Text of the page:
My Go-To Bone Broth Recipe

During the winter months, I love having a cup of warm bone broth first thing in the morning or to wind down in the evening. It’s a filling, savory drink that can also be easily used for cooking rice or making soups. I’ve also gotten a few compliments on my skin since I’ve started drinking broth consistently in the morning before breakfast which is an unexpected benefit.

So why drink bone broth in the first place? The simmering to make bone broth causes the bones and ligaments to release healing compounds like collagen, proline, glycine and glutamine that have the power to improve your health. Nutrition researchers Sally Fallon and Kaayla Daniel of the Weston A. Price Foundation explain that bone broths contain minerals in forms that your body can easily absorb: calcium, magnesium, phosphorus, silicon, sulphur and others (source). 

There are numerous bone broth recipes out there, but this is my own take on making it. You can easily add more flavor by including additional add-on ingredients, but the key is to have an acid like ACV or lemon to aid in leaching the minerals out of the bones.

Bone Broth Ingredients:

  • 2 lbs of bones (chicken, beef, turkey, etc.) —Use a mix of meaty and marrow filled bones

  • 3 celery stalks

  • 2-3 large carrots

  • 1 large onion (or two small)

  • 2-3 garlic cloves

  • 2 tsp ACV

  • Dash of Sea salt

  • Dash of Pepper

  • Dash of Turmeric powder

Bone Broth Optional Ingredients:

  • Preferred spices to taste

  • Fresh herbs (thyme, rosemary, bay leaf, etc.)

  • Reishi (in drop or powder form)

  • Thumb-sized nob of ginger

  • Thumb-sized nob of Fresh turmeric

  • lemon

Bone Broth Instructions:

  1. Chop veggies. Put the bones in a dutch oven or large heavy bottomed pot with veggies and other ingredients and cover with filtered or fresh spring water. Let sit for 10 minutes.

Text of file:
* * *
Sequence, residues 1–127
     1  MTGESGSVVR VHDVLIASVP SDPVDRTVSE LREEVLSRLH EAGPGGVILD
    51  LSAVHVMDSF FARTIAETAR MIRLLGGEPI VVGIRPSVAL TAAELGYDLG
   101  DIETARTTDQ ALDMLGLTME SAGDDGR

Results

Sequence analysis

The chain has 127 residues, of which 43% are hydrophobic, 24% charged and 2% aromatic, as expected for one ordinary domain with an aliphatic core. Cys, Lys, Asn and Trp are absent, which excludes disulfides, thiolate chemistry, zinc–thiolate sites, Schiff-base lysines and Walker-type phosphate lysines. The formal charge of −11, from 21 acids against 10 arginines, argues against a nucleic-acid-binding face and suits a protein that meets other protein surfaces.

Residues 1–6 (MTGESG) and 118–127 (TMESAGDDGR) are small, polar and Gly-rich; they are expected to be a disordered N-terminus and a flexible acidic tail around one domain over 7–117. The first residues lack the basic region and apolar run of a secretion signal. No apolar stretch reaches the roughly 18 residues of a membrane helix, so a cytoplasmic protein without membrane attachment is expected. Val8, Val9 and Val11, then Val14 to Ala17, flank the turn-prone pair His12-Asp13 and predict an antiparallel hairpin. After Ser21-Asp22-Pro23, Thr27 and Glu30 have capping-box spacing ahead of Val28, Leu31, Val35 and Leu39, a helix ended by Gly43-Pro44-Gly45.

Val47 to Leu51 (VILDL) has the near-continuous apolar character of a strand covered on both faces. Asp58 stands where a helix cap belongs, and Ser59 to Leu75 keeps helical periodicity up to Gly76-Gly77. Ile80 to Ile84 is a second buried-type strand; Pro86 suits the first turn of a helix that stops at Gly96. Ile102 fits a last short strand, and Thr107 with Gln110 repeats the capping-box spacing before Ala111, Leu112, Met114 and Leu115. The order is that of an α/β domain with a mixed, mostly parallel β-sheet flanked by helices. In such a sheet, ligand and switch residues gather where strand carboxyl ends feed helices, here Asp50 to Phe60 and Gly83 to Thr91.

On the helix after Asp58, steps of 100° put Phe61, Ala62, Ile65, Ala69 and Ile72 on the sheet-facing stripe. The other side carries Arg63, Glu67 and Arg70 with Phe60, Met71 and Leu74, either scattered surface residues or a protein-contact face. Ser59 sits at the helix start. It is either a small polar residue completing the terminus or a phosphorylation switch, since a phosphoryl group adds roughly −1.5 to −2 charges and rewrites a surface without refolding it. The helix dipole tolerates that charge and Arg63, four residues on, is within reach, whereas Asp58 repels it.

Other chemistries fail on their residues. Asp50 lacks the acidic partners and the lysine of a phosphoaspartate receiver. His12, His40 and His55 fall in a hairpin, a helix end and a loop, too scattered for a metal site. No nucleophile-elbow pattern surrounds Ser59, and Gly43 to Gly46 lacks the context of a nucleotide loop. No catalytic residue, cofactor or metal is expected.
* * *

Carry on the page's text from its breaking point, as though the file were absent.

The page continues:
2. Simmer broth on stove at a low setting for minimum of 8 hours and maximum of 24 hours. If using a pressure cooker check out this recipe for simmering length which will be shorter than if you’re using a dutch oven. Add in optional ingredients during the last hour of cooking the stock.

  3. Let the broth cool and strain it. Use the broth or stock right away, or store it in the refrigerator or freezer. Bone broth and regular stock will keep for 5 days refrigerated or up to 6 months frozen.

Other Tips:

  • If you don’t have bones on hand from cooking (you can freeze them for future use in broths), you can purchase bones from the butcher at your grocery store or farmers market. I personally get mine at my local Whole Foods.

  • Using a pressure cooker or instant pot will shorten the broth cooking time, but if you don’t have one, use a large heavy bottomed pot like a dutch oven.

  • Do yourself a favor and just freeze most of the broth for later use so you don’t let it sit in the refrigerator too long and get spoiled. I save jars from coconut oil and spaghetti sauce and re-use them to decant my broth into them. Just let the jars cool completely before putting them in the freezer. If the jars are still warm, they may crack in the freezer.